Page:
How to Be A Woman

As much as I've read in my adult life (not as much as I should have, being a librarian and intellectual snob, but a lot more than most people), I've yet to read a book that has been truly transformative- a book that really changes the way I view some aspect of my life or the world. 

I downloaded the audiobook version of How to Be A Woman by Caitlin Moran because I had nothing else to listen to while waiting for my copy of Chuck Palahniuk's Doomed.  It popped up on a few of those "Books Every Woman in Her 20's Needs to Read" lists, but its main appeal was the knowledge that the author is British, and that I liked her hair on the cover of the book.

I was immediately drawn in by Moran's Birmingham accent (the author also narrates the audiobook), her humor and, of course, her snark.  She animatedly tells the story of growing up poor, the oldest of 8 children, then moving to London, becoming a journalist, getting married, having children...and interweaves all of this with frank looks at masturbation, sexism in the work place, relationships, childbirth, abortion, bras, pubic hair, strip clubs, weight, and Lady Gaga, among other things.

As you probably surmised from the first paragraph, some of the things in How to Be A Woman had a profound effect on how I think about feminism, being a woman, and living in the world in general.  So many times while listening to it I had those great revelatory moments that are the best part of reading any good piece of writing.  She says things that I've felt and known to be true, but not known how to express myself.

First of all, she cuts through the myriad of confusing feminist theories and gets straight to the point.  "Here is the quick way of working out if you're a feminist," Moran begins.  "Put your hand in your pants.  a) Do you have a vagina? and b) Do you want to be in charge of it? If you said 'yes' to both, then congratulations! You're a feminist.”  It's THAT simple.  A concept that I've struggled to define for as long I've been aware of it, and there it is.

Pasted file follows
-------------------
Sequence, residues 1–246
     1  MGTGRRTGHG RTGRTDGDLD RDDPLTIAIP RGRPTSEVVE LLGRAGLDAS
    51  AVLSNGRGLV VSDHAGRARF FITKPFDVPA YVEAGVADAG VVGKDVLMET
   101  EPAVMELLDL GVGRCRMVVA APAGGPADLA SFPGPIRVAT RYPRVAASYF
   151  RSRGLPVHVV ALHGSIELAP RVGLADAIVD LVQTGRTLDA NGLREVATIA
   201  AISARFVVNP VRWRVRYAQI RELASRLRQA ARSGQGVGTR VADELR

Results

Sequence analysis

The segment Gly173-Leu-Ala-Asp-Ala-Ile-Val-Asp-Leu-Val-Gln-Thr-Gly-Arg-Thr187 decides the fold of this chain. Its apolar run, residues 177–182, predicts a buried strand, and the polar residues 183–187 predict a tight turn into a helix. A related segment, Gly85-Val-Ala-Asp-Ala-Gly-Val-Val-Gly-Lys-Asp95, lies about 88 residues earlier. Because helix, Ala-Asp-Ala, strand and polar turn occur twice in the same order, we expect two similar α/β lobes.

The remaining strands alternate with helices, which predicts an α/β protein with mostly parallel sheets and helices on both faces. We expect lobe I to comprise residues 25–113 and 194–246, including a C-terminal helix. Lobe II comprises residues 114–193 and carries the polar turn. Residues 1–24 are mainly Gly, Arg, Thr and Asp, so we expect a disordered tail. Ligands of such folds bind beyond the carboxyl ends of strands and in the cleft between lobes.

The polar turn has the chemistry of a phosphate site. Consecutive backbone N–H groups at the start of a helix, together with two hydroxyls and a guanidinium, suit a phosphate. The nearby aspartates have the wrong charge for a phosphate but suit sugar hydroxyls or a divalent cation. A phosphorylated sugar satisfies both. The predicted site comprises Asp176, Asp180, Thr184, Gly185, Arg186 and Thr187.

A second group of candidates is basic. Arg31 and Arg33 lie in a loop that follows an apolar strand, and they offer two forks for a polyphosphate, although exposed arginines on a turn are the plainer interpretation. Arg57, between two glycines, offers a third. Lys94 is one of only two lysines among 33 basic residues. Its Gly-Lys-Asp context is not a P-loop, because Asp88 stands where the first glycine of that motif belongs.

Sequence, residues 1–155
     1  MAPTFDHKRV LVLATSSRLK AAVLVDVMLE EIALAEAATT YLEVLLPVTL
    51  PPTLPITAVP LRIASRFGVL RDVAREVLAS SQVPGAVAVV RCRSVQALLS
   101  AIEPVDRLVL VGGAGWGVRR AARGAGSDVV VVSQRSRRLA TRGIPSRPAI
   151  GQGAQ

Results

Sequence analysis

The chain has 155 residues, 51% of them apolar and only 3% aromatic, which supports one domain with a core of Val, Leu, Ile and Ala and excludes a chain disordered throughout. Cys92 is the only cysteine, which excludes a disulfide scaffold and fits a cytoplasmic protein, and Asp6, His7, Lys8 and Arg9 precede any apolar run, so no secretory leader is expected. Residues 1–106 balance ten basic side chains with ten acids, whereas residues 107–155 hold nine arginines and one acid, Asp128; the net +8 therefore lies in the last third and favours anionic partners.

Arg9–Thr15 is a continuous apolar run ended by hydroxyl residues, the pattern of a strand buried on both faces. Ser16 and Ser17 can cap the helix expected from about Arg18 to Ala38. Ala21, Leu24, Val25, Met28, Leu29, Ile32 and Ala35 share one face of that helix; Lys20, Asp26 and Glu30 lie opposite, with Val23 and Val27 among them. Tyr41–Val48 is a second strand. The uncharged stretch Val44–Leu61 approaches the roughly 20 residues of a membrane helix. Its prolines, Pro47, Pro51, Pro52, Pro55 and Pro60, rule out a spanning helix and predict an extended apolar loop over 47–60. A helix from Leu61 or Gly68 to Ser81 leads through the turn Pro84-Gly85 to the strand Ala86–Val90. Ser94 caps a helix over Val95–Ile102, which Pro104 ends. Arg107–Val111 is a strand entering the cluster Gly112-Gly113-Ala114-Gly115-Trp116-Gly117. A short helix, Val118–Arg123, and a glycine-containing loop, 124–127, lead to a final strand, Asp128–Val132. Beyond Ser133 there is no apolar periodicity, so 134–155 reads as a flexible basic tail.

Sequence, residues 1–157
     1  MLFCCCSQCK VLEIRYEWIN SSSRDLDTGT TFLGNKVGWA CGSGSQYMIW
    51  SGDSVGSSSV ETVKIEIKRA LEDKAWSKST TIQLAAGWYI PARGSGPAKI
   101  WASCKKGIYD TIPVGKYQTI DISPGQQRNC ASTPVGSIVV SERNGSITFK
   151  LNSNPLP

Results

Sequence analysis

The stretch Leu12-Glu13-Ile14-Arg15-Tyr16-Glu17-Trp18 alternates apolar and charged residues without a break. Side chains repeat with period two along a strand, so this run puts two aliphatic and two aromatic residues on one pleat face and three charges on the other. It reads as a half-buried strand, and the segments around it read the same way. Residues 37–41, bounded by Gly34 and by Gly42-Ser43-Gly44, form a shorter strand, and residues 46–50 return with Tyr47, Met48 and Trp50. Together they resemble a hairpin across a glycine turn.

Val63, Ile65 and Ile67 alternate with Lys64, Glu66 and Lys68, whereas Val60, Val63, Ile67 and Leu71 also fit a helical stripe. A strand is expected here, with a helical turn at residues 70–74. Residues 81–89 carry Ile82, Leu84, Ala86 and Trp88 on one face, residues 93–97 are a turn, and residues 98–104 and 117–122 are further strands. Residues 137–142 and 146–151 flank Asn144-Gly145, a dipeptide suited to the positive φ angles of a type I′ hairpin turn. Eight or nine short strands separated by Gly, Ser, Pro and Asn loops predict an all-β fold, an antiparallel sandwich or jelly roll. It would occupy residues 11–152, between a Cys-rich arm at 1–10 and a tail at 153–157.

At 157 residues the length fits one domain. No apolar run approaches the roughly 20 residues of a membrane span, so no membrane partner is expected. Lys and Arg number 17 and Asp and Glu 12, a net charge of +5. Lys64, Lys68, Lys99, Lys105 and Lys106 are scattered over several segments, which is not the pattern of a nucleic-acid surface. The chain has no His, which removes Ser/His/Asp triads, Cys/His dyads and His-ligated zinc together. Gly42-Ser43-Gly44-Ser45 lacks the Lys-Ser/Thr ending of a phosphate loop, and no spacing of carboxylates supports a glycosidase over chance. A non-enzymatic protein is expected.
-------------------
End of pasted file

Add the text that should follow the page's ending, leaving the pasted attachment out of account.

While I'm tempted to spend an entire post expounding on every brilliant point Moran makes, I'll give just one more example- the one that resonated the most with me. There is an entire chapter that talks about motherhood, and all of the wondrous things it teaches you.  How it makes you a better person; that mothers can do ANYTHING, so on and so forth.  At this point in the book I nearly bailed.  Yes, moms are awesome.  I get it.  But that's all we ever hear- how women who choose to have children are wonderful and selfless and those of us who a) have yet to have children or b) choose not to have them at all, are selfish spinsters:

But deciding not to have children is a very, very hard decision for a woman to make: the atmosphere is worryingly inconducive to saying, "I choose not to," or "it all sounds a bit vile, tbh." We call these women "selfish" The inference of the word "childless" is negative: one of lack, and loss. We think of non mothers as rangy lone wolves--rattling around, as dangerous as teenage boys or men. We make women feel that their narrative has ground to a halt in their thirties if they don't "finish things" properly and have children.” 
Thankfully, Moran follows with an entire chapter on why you shouldn't have children.  She asserts that all the great shit you learn by being a mother can be learned through other life experiences (reading the 100 greatest books in human history; learning a foreign language well enough to argue in it; climbing hills; loving recklessly; sitting quietly, alone, in the dawn, etc)...that you'll have time to have because you aren't caring for children.  The fact that she includes both arguments, for and against motherhood, back to back, tells me that she really gets it.

And to conclude this rambling ode to Caitlin Moran, I feel as thought it's necessary, as a woman of color, to address claims that she is racist.  It's actually the fourth thing that pops up on Google when you enter her name.  The gist of this claim is that Moran said she likes Lena Dunham, who has been criticized for lack of diversity on her show Girls.  Critics have said that both women have excluded women of color in their discussions of feminism.  I don't really have any opinions concerning Dunham, other than that I think she tries way to hard to seem like she's not trying at all.  As for Moran, her book is largely anecdotal- she's writing about her life and she happens to be a white woman.  So the fact that her book isn't all about women of color doesn't really bother me. *Kanye shrug*

So, go read (or listen) to this book.  Let me know what you think.


Caitlin read this!  And liked it!

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